1. Dutch men don’t kiss men

In other countries close to the Netherlands, like Belgium and France, it’s normal for men to kiss each other.

In the Netherlands this is exceptional and, when you do, it’s only for really close family members, like fathers and sons.

How to avoid tricky situations?

An awkward start to a conversation might ruin the situation for you. What can you do to avoid this?

A great tip that a foreigner shares in the video is:

  • Just put out your hand

This is always a safe way to go. It is still friendly, people still accept it, and you don’t have any confusion about left or right, or one or three, or a hug, or whatever.

Why is there so much confusion? Not only because of the differences in the Netherlands, but because it’s different in every country.

How is it in other countries?

Greeting people is one of the things that differs in every country. What is apparent from the video with foreigners living in the Netherlands is that a difference here is the lack of clarity of the rules. And this can lead to awkward situations.

For example in the United States social kissing is something that is not really common. In this country friends give each other a hug.

From the comments: ‘As a Dutchy, I had the same thing when old American folks tried to hug me. I thought they wanted 3 kisses’.

The same applies in Britain. As someone said in the comments below the video on YouTube:

‘As a British person I would definitely ‘phone the police if someone I barely knew tried to kiss me’.

How do people great each other across the world?

What I’ve learned from the foreigners in the video is the following:

  • In Russia, Canada and India the answer is simple: no kisses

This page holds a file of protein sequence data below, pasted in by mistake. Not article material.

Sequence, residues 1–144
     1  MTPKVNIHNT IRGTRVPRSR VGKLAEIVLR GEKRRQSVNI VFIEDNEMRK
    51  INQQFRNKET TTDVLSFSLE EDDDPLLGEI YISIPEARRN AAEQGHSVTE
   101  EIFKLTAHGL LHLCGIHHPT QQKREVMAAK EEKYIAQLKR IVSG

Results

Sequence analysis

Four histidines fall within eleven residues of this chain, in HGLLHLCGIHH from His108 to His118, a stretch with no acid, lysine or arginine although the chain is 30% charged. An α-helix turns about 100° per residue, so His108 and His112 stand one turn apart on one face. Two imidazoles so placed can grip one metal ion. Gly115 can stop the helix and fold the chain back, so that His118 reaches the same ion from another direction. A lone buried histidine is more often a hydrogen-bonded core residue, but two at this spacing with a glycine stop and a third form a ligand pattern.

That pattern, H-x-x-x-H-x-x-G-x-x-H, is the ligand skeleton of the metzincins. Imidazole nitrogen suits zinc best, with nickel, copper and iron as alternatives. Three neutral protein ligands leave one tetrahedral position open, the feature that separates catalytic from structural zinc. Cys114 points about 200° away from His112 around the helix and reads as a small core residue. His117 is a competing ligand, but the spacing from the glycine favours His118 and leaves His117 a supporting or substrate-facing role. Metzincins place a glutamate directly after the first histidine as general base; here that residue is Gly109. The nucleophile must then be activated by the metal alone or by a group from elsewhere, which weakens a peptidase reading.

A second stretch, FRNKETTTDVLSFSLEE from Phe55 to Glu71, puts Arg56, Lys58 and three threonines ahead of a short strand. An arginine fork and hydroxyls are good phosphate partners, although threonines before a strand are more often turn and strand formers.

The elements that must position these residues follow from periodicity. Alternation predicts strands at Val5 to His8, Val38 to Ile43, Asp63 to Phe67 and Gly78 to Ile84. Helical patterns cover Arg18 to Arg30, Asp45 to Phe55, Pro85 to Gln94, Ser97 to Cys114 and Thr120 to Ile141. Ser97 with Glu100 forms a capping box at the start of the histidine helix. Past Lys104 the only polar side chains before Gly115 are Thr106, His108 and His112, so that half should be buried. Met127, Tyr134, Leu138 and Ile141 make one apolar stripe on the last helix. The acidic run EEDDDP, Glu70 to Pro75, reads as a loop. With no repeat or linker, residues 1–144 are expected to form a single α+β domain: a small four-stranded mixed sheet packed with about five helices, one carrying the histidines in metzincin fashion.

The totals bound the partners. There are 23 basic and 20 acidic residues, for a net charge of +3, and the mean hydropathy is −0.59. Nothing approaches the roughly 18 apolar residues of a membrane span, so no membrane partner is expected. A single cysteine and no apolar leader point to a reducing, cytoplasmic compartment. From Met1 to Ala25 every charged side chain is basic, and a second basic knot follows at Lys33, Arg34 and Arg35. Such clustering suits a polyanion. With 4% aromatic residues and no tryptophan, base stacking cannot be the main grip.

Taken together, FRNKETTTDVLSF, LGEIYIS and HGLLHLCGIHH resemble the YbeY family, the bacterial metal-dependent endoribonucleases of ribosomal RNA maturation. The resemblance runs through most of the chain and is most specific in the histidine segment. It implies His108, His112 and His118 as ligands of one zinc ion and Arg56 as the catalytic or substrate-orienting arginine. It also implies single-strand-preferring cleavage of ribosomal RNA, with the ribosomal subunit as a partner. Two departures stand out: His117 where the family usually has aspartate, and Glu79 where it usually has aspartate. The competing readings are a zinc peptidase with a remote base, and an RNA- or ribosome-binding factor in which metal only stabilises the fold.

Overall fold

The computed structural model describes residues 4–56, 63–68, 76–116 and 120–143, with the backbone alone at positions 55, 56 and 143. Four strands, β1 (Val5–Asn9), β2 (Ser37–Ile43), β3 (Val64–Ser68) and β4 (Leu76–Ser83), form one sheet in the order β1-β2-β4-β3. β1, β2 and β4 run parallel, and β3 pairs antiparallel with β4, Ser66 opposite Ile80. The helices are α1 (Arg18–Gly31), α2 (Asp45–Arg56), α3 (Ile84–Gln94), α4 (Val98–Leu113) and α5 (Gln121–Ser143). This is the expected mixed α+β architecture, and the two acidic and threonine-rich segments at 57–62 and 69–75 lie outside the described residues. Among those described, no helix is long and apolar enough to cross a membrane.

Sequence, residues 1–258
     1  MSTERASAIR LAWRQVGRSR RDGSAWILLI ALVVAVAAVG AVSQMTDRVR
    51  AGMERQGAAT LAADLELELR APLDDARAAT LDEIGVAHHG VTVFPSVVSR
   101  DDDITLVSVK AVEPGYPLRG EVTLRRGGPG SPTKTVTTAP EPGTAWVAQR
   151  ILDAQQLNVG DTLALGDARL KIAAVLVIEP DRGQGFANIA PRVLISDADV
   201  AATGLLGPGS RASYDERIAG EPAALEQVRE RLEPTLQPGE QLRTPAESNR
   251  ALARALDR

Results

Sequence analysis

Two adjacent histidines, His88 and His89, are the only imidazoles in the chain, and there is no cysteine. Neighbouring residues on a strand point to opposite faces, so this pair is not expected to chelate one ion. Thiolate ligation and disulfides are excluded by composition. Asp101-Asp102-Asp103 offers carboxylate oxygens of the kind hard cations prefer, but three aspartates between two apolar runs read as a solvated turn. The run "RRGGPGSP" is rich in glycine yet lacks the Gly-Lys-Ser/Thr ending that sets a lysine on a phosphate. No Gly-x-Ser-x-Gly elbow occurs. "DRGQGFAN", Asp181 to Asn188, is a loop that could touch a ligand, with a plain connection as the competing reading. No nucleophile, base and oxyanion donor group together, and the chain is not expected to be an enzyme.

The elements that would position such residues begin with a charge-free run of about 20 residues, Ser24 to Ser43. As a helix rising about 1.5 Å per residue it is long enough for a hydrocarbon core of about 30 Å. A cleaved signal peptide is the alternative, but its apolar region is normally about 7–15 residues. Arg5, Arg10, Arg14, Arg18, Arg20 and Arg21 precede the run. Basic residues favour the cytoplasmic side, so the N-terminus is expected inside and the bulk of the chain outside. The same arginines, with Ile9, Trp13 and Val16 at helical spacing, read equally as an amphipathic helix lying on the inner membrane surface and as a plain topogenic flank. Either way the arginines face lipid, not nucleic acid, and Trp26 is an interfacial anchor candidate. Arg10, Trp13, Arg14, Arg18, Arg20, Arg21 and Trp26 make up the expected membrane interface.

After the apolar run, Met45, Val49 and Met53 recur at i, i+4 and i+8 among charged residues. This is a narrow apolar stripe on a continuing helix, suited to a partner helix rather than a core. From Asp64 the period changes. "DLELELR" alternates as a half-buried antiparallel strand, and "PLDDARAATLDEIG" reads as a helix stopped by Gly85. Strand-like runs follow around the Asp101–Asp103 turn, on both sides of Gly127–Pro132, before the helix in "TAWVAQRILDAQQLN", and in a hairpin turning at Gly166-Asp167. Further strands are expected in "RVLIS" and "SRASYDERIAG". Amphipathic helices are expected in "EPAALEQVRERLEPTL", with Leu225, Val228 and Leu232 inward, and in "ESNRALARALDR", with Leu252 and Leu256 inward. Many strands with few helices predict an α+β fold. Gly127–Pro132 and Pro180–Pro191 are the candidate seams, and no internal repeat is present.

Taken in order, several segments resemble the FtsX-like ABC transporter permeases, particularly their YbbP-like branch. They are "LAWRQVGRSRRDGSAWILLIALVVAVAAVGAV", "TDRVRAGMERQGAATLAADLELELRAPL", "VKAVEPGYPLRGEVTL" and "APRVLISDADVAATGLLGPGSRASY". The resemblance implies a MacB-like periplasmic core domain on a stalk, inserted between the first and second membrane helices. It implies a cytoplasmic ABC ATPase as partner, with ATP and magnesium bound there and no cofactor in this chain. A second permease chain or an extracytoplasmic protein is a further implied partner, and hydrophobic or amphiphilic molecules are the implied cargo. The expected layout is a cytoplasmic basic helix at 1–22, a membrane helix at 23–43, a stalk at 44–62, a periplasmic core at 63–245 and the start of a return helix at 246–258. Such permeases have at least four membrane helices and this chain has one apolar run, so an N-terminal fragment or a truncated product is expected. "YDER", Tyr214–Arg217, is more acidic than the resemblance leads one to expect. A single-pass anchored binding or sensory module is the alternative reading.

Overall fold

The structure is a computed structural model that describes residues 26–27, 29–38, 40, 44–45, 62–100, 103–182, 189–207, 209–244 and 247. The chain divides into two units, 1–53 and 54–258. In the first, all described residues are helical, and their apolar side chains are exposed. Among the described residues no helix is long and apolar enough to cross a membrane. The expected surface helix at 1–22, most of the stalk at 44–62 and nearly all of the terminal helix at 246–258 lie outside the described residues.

• In Mexico and Brazil it is common to give just one kiss
  • In France (in general) you give two kisses. Although, depending on the region you are in, it differs. Sometimes people give 1 kiss, sometimes 2, sometimes 3 and sometimes even 4.

Talk about confusing ….

  • And Poland is the same as the Netherlands: 3.

Dutch people sometimes have difficulty with this!

You might be thinking: how do I crack this code of Dutch society? Well, that’s impossible. Because you know what? Even for many Dutch people there is a lot of confusion here.

Maybe it used to be pretty strict: three kisses to family and close friends.

But I think that nowadays people do whatever they want. That’s of course a confusing thing, and not only for you. The Dutch struggle with it as well.

As the comments section of the video shows:

‘Don’t worry, even for most Dutch people this is uncomfortable’.

But that’s also a good thing. It means that you can do whatever you want and it will probably be accepted.


Words relating to introducing yourself:

  • Zoen geven (to give a kiss)
  • Zoenen (to kiss)
  • Kus geven (to give a kiss)
  • Kussen (to kiss)
  • Hand geven (shake hands)
  • Handen schudden (shake hands).

Some people announce when they are going to give three kisses:

  • Ik ga je kussen (I’m going to kiss you)
  • Ik ga je zoenen (I’m going to kiss you).

Good luck!

Bart de Pau
online Dutch teacher & founder of the Dutch Summer School & Dutch Winter School